On 30 May, two days before ‘Global Coptic Day’, authorities demolished the only Coptic church in Koum al-Farag village, even though it served 3,000 Christians. The demolition was a punishment for the 'crime' of building rooms for Sunday school. When the extension work began, Muslims attacked the Christians by building a mosque next door (according to common law, churches are prevented from being formally recognised or displaying Christian symbols if a mosque is built next door). Police also imprisoned 14 Christians overnight. The nearest church is now ten miles away. Demolitions of churches are seldom reported in the West. Christians and priests are also randomly assaulted in Egypt’s streets - not by terrorists but by Muslim neighbours. See
Libya, a major oil producer, has been mired in turmoil since 2011 when Muammar Gaddafi was toppled in a NATO-backed uprising. In the first week of June the warring sides began new ceasefire talks in Libya. On 14 June the Turkish foreign minister and his Russian counterpart decided to put off the talks during a phone call; however, they said that it was important to prevent another failed ceasefire. Pray that there will be constructive positive talks for a lasting ceasefire without any more postponements. Pray for a spirit of unity to flow through all communication between the Iranian foreign minister, Turkish president Erdogan, and Russian president Putin. Pray also for an end to the heavy clashes that erupted recently despite a unilateral ceasefire proposal by Egypt.
On 12 January Egypt’s president, Abdel Fattah al-Sisi, attended the Coptic Christmas service. Against a background of rising tensions in the Middle East, he held up the importance of tolerance and unity at a time when those tensions could spill over into conflict and violence - especially between religious groups. ‘If we love God, we must love each other,’ was his simple, powerful message. In 2019, at the opening of a new cathedral, he expressed his support for Christians, saying, ‘You are our family’. As Christians, we know that there is a model for this kind of love. For tense times and hard hearts, the Lord Jesus has already offered the perfect solution. Jesus’ greatest commands to us are to love God with all our heart and, out of this, to love our neighbour as ourselves. God, who is Love, wants us to love our neighbours who live alongside us - whether next door or across a distant border - with the same agape love He has for us.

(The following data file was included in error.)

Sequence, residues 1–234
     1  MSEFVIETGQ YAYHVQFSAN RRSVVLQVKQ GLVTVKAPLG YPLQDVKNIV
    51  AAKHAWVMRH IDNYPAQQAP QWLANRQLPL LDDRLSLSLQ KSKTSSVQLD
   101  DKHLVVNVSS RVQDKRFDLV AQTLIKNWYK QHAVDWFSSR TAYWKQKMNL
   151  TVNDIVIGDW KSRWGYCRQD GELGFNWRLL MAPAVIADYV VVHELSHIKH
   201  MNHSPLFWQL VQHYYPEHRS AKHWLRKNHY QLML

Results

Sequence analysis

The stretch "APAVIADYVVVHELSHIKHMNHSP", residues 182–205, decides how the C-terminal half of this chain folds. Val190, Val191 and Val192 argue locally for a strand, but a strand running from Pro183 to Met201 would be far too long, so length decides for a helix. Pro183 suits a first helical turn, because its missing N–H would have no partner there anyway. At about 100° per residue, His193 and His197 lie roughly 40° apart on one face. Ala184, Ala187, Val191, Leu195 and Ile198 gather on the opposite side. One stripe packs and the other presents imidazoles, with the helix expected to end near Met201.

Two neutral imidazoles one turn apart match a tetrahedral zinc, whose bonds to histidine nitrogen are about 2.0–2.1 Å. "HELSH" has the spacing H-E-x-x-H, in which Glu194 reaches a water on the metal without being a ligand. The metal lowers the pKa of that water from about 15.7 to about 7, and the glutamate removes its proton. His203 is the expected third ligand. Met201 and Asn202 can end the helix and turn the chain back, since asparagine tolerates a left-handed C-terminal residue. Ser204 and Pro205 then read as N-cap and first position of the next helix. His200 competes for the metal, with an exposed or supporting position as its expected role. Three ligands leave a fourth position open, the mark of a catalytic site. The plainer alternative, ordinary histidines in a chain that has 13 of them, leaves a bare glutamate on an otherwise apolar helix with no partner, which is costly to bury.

Here are a few of the many incidents of Christmas attacks on Christians in 2018. Two days before Egypt’s Christian celebrations, a specialist in mine clearance died defusing a bomb hidden next to a church in Cairo. On 24 December a Methodist church in Bury offering night shelter to homeless refugees was attacked by arsonists who also stole their laptop and projector equipment. In Indonesia over 90,000 police and soldiers helped guard 50,000 churches across the country, including those previously attacked by terrorists. In India on 23 December a mob attacked forty people worshipping at a church in Kowad, injuring ten people. Militants increase their attacks on Nigerian churches at this time, and in Pakistan a planned attack was foiled in Karachi. See
In 2018 Rami Kamil, a prominent human rights activist, joined a UN fact-finding visit to investigate the situation of members of the Coptic community who had been displaced from their homes following sectarian incidents. On 23 November he was arrested: the police refused to allow him to change his clothes, carry his medications, or speak to a lawyer. They confiscated his laptop, mobile phone, camera, and books, and took him to an unknown location, where he underwent intensive physical and psychological interrogation. He later appeared before the state security prosecution without legal representation, and was given fifteen days’ pre-trial detention. He was accused of joining a terrorist organisation, receiving foreign funding, disturbing public order, inciting the public against the state, and using social media to provoke tensions between Muslims and Christians.